- maintains or, in the past, maintained links with organised groups, special services or groupings of foreign states related to international terrorist organisations or maintaining relations with persons suspected of membership thereof;
- has, by an effective court judgement, been found guilty of a grave, serious or less serious crime under the Criminal Code of the Republic of Lithuania or of a crime under criminal laws of foreign states which corresponds to the elements of a grave, serious or less serious crime or the person is subject to criminal prosecution for commission of such crime and the investor's conviction for the committed crime has not expired or has not been expunged;
- has, by an effective court judgement, been found guilty of a crime/crimes against the independence, territorial integrity and constitutional order of the State of Lithuania and/or has, over the last 24 months, violated the provisions of legal acts regulating the activities of objects of importance to ensuring national security
- fails to provide proof of real possibilities to implement the actions provided from recommendations;
- has been notified by Commission of the envisaged verification of his conformity to national security interests and fails, within the time limit, to submit to the Commission the documents and information specified in the Rules of Procedure of the Commission and, due to failure to submit such documents and information, a decision that the investor conforms to national security interests is not adopted by the Commission or the Government;
- is an investor from a specific third country, given that in compliance with other laws he may not be an investor;
- poses a threat to security or public order of the EU member or EU project or programmes;
- there is other justified data concerning his non-conformity to national security
In a review procedure Commission assesses the prospective investor's interest conformity with the national security interest. Commission adopts a conclusion not later than within 20 days from the date of launching verification, in which states that investor:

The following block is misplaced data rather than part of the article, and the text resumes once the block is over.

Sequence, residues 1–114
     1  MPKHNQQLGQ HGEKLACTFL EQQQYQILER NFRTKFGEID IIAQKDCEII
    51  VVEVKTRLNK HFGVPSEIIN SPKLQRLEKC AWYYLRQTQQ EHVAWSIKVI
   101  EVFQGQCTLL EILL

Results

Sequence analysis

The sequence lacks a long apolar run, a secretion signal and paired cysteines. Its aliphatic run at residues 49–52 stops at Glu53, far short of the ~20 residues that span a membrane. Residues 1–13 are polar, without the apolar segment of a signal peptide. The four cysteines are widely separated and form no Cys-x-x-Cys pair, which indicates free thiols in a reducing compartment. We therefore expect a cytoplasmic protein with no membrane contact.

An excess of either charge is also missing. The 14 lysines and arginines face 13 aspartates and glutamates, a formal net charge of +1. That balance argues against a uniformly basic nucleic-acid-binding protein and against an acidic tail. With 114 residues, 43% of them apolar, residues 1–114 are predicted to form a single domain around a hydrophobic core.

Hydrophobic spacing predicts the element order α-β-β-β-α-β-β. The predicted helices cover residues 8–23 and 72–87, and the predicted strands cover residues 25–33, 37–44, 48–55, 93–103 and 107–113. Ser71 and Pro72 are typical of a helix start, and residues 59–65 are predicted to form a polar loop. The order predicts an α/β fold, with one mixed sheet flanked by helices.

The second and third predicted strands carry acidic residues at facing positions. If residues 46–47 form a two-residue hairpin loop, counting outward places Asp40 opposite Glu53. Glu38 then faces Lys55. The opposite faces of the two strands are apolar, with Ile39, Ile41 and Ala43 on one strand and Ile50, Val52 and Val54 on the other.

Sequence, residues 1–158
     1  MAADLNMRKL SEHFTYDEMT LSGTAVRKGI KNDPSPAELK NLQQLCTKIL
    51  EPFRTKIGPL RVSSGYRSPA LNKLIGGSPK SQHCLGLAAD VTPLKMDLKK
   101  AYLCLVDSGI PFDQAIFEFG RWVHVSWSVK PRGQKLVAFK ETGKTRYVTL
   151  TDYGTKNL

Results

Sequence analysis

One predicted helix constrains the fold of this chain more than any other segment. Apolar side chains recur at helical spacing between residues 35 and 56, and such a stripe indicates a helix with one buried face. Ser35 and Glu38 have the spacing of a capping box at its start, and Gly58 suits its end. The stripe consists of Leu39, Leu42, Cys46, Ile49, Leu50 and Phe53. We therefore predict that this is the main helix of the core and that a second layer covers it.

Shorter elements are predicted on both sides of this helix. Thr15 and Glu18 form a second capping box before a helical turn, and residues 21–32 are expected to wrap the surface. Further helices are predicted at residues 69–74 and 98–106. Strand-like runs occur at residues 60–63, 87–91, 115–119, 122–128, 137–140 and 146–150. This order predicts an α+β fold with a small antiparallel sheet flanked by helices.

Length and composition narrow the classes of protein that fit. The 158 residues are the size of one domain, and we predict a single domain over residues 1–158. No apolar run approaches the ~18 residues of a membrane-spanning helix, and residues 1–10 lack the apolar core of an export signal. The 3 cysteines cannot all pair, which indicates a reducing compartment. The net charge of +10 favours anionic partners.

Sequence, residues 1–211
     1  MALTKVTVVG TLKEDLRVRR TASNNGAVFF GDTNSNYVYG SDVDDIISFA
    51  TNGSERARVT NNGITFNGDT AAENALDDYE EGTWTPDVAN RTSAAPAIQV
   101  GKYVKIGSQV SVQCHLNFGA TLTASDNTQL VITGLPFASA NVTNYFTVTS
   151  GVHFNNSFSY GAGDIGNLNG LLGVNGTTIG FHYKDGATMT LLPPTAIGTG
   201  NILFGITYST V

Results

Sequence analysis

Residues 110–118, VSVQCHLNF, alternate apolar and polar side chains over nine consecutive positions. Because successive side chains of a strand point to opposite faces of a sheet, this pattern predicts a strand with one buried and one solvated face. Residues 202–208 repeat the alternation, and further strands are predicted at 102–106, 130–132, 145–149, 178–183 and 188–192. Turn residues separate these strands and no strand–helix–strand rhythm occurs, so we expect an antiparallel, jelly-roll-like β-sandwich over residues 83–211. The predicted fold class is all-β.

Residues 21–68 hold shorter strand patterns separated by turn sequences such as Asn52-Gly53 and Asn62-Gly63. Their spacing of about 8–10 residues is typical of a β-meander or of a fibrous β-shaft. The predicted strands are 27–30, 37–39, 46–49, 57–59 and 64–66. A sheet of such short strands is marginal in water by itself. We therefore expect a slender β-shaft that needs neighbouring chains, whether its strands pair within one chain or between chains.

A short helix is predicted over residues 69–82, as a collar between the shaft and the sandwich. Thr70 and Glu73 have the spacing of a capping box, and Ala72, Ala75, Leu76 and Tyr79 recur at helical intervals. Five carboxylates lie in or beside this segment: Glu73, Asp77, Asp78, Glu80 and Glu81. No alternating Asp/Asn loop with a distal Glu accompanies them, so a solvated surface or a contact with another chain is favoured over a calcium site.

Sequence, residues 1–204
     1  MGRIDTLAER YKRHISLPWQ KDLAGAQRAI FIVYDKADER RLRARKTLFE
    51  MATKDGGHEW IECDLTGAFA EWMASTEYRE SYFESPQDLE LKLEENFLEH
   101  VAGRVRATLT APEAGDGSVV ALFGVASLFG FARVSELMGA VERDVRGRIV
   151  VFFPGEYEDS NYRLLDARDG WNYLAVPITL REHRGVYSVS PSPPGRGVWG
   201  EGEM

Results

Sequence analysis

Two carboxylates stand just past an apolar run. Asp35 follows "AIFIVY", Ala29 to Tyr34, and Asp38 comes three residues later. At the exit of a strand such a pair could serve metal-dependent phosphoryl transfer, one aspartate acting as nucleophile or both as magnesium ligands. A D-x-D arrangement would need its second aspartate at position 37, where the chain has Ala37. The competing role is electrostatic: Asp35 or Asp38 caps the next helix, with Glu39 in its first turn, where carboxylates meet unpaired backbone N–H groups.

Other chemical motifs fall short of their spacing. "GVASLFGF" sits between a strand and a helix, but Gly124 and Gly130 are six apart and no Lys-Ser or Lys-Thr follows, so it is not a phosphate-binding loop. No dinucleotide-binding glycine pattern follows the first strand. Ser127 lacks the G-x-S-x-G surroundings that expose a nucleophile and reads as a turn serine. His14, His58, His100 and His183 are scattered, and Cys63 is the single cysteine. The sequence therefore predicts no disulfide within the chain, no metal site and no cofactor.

- Conforms to national security interests
- Possesses a risk to national security interests - in such case, recommendations are set compliance with which should prevent an investment from posing a threat to national security interests
- Does not conform to national security interests
A conclusion on an investor’s non-conformity to national security interests shall be submitted to the Government not later than within 2 working days following its adoption.
On the basis of the Commission’s conclusion and recommendations the final decision on an investor’s conformity to national security interests, substantiated de jure and de facto, and, where necessary, on the full or partial investment ban and compulsory requirements or conditions to be set shall be adopted by the Government within 15 days from the receipt of the Commission’s conclusion and recommendations.
The Government’s decision confirming an investor’s non-conformity to national security interests shall imply that the investor’s transactions or actions specified are in conflict with national security interests and that the investor may not conclude the transactions and/or perform actions specified in paragraphs until the causes posing a threat to national security interests indicated in the Government’s decision are removed, provided that such causes may be removed, and the Government adopts a new decision confirming the investor’s conformity to national security interests after having received the new conclusion and recommendations from the Commission.
Are fines or other penalties prescribed due to failure to notify the FDI?
Transactions which are in contrary to the national security are null and void from the moment of their conclusion. If an investor has acquired shares in the entity important for national security or has acquired the right to exercise non-property rights granted by the shares of the entity important to the national security in violation of the requirements of the law or if the investor who has acquired shares in the entity important for national security has been acknowledged as being not in the interests of national security, such investor shall not have the right to participate and vote in the general meeting of shareholders of the company important for national security and may not exercise other non-property rights granted to him in violation of this law or the transfer of voting rights.
By Tomas Mieliauskas, Managing Associate, Deloitte Legal APB